Journalists counselled on Human Rights Reporting in Cameroon

Journalists have been urged to uphold professionalism and operate within the confines of the law as they execute their duties of disseminating information.

This came to light during a four-day workshop on Press Freedom and Human Rights that attracted about 30 journalists from various regions of Cameroon in Douala.

The workshop that took place from October 13 to 16, 2020 under the banner of local based network “Journalistes en Afrique pour le dévelopement” (JADE) was aimed at launching the project dubbed press freedom to promote Human Rights.

Barrister Solange Tchamba Mbianga said journalists who practice outside the framework defined by the law are liable to offenses and consequently incur various sanctions.

She said: “we cannot publish everything, write on everything and communicate on everything in the name of press freedom and the right to information. Press freedom and social communication is not an absolute right. A journalist while carrying his duties must respect public order, good moral and people’s freedom…”

She implored journalists to be careful with what they publish or say while on air adding that a good reporter should not invade people’s privacy in a bid to seek fame.

The Barrister further outlined that article 74 of the 1990 law on social communication, notably on press offenses refers to the provisions of the penal code for the penalties applicable to offenses committed by means of the media and audiovisual communication.

“This law also provides for certain offenses, the violation of which is punishable by fines. Under the banner of the anti-terrorism law, many journalists are arrested and prosecuted in special courts. Also the activity of media professionals on social networks can also engage their responsibility. The national communication council can also pronounce prohibitions, suspensions of exercise.” She said.

The opening session that gathered some lawyers and forces of order was marked by the presentation of the project by Etienne Tasse, coordinator of JADE. He underscored some key points of this 3 year incisive project and expectations awaited from the 30 media engaged in the process.

Etienne Tasse said this workshop which is a meeting point is intended to create trust between administrative authorities, the police, the gendarmerie and actors of the judicial system, necessary for the emergence of journalism based on Human Rights. 

In his opening remarks delivered online via zoom, European Union (EU) Representative, Enrico Sborgi praised the initiative and called on all the media practitioners present to take advantage of such trainings for them to acquire necessary tools in human rights reporting.

During various presentations, it was revealed that there is little space given to human rights stories in Cameroon, as revealed by a study carried out by JADE from the 15th of June to the 31st July 2020 and which focused on 23 media entities (11 print, 8 radios and 4 TV stations).

Veteran journalist Louis Le Meter also shared his experience and called on practicing journalists to put aside their ego and respect deontology and ethics governing the profession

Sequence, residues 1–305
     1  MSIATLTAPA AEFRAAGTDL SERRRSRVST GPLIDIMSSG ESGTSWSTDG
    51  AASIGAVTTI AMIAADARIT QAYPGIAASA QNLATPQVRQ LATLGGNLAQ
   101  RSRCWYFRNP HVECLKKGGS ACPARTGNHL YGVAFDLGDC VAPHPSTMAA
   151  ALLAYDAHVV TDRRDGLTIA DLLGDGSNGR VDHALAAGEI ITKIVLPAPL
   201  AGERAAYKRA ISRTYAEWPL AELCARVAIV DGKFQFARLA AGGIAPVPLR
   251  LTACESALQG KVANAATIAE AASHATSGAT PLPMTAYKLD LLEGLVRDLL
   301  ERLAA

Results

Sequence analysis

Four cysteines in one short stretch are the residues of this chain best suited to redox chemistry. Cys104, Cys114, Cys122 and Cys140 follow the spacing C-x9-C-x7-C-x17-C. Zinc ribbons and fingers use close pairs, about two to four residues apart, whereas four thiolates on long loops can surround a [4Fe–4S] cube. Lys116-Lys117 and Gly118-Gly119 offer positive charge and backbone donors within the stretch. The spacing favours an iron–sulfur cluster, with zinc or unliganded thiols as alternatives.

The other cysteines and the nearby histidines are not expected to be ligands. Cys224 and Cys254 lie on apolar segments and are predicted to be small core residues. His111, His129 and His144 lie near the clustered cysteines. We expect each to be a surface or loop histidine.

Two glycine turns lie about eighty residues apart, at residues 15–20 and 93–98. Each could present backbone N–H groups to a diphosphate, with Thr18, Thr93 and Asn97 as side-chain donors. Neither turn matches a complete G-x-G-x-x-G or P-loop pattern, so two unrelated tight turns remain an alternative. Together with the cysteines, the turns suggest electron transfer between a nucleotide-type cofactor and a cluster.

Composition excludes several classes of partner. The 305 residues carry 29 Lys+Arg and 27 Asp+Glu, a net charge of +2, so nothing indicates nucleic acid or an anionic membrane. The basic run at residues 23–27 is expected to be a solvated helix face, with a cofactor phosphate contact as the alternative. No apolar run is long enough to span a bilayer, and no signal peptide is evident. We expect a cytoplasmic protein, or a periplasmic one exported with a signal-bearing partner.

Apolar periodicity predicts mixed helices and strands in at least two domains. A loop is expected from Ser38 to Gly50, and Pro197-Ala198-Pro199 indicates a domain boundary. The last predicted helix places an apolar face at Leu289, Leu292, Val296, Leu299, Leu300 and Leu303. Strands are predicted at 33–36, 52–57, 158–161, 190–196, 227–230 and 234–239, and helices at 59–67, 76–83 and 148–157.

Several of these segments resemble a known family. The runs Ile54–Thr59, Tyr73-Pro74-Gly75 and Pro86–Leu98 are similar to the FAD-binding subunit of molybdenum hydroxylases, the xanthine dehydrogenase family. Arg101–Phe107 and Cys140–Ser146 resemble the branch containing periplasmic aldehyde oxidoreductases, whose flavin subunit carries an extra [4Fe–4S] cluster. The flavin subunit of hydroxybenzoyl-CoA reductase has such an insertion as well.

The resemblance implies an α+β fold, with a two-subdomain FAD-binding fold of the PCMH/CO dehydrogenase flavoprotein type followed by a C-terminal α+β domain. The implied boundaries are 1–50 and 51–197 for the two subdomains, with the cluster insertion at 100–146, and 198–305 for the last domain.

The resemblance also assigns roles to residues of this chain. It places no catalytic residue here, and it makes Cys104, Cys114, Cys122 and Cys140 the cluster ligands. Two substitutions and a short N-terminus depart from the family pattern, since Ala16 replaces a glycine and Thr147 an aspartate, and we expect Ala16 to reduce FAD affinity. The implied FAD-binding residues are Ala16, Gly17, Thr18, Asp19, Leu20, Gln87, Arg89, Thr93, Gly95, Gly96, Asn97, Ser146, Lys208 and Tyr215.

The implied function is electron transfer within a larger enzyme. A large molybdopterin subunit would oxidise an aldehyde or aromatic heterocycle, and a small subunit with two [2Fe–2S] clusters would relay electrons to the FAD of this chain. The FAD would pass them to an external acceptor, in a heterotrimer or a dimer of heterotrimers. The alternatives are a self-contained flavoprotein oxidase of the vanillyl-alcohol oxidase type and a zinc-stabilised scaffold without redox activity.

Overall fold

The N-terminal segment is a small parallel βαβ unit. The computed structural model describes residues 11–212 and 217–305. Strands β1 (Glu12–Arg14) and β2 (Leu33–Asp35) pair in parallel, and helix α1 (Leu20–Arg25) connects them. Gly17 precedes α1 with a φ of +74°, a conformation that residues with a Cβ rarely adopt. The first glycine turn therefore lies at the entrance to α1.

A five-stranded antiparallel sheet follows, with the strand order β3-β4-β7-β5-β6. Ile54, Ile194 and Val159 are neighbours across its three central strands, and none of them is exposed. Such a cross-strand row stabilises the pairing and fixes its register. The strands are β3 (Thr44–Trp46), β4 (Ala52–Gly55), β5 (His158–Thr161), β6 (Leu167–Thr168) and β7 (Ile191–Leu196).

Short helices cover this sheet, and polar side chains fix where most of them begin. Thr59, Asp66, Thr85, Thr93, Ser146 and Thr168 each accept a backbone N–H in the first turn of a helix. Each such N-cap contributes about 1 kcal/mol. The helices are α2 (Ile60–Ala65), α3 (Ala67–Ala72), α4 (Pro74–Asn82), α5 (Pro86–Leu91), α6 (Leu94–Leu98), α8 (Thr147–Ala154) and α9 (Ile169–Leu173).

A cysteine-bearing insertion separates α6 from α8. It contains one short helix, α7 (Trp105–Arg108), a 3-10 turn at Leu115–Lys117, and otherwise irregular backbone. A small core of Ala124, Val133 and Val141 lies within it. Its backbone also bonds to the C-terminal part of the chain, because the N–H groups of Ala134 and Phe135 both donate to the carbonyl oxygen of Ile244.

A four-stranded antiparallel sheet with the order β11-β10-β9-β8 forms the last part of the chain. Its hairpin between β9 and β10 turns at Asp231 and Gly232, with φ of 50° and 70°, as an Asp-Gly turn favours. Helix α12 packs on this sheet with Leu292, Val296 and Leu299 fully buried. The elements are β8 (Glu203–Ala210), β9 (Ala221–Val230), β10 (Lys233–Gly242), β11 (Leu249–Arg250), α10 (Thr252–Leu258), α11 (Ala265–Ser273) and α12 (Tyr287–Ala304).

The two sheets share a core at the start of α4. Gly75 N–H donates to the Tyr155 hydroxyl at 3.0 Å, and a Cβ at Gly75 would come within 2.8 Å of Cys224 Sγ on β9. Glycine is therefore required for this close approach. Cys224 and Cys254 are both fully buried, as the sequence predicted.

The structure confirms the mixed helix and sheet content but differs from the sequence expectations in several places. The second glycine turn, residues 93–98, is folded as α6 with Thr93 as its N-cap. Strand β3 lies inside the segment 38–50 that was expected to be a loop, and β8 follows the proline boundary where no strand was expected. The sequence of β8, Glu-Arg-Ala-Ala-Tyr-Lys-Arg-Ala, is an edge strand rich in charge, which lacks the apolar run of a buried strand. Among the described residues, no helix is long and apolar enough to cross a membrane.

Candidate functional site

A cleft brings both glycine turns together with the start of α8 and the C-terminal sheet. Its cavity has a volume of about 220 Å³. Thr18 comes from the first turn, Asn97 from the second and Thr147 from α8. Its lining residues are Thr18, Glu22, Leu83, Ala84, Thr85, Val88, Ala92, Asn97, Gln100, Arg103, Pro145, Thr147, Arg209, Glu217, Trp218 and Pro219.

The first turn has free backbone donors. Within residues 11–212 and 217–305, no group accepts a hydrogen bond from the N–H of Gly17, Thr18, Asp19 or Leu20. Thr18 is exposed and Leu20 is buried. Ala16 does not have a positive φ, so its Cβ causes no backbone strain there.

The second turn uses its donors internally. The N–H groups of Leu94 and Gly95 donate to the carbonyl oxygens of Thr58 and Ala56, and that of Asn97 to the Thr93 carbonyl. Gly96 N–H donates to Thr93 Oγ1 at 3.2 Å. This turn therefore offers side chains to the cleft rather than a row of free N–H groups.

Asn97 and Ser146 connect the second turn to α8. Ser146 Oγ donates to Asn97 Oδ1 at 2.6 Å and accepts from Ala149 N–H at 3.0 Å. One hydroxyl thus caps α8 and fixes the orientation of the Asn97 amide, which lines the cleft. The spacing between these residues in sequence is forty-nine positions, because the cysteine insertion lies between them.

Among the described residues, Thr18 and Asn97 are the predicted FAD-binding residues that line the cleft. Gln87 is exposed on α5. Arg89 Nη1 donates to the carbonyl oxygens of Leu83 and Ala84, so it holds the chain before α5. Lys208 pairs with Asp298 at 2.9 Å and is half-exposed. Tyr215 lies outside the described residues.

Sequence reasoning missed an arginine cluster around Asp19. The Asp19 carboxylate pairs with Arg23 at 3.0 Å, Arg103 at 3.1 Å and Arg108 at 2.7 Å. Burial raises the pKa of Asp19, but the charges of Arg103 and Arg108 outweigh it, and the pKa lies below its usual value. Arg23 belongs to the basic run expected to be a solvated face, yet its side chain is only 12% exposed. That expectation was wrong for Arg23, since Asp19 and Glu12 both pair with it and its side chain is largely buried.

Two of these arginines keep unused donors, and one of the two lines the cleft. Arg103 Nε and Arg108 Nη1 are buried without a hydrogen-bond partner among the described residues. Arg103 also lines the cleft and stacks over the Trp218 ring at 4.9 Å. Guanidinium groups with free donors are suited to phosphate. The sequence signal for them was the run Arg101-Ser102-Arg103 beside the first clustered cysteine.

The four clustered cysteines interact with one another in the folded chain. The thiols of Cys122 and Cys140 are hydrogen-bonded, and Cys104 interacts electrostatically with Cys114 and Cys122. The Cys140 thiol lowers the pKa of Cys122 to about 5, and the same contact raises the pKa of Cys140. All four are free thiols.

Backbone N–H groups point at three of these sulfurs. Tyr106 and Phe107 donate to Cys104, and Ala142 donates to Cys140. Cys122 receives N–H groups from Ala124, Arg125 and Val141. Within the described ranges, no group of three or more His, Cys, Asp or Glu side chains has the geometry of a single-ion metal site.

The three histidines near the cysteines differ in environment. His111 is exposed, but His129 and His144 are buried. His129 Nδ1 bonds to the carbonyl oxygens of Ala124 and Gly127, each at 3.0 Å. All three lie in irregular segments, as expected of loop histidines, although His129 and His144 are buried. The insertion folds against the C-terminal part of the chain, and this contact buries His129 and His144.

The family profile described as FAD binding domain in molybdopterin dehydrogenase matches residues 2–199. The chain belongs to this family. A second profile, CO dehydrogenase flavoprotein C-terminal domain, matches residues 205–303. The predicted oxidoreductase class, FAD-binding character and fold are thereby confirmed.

Contributing virtually on the state of press freedom in Cameroun, the 75-year-old, who currently leads an association known as “Caractères sans frontières,” cited the 1918 journalism charter which states: « the journalist does not confuse his role with that of a justice ».

Beatrice Kaze of JADE delivered a presentation on how to produce human rights reports for the TV and radio. Added to that, she embraced some sensitive issues which are expected to be taken into account by journalists in cases of conflicts and crises and that capturing images, videos and audios are very necessary for journalists working for the audiovisual.

She stressed that a good story is well expressed through feeds and captions gotten by a reporter.

Hints on how to cover a public protest linked to Human rights and other interesting stories were also brought out by Etienne Tasse.

The JADE coordinator unveiled some key questions to be strictly followed by media practitioners when embarking on Human rights reporting.

“When informed about a violation of Human rights, questions such as: How is topic or story linked to human rights? Who is responsible of the act? Has any inquiry be opened by authorities in order to punish the author of the act according to our laws?” He said.

More practical facts were underscored by participants who have shown a great interest in accompanying this fruitful project led by JADE and its international partners. As part of experience sharing some journalists used in reporting on human rights issues highlighted the various stories and obstacles encountered on the field such as the recent cases of the 22nd protest orchestrated by political leader of CRM, Maurice Kamto and the Anglophone crisis rocking the North West and South West regions of Cameroon.

Amongst other important points discussed during this workshop were the Dos and Don’ts of a good reporter. This opened more discussions which gave root to the setting up of strategies and collaborative venues between journalists trained in the course of this project and JADE.

The workshop ended with various recommendations and the creation of an online working platform designed to help and ease pitching of stories.







Elise Kenimbeni

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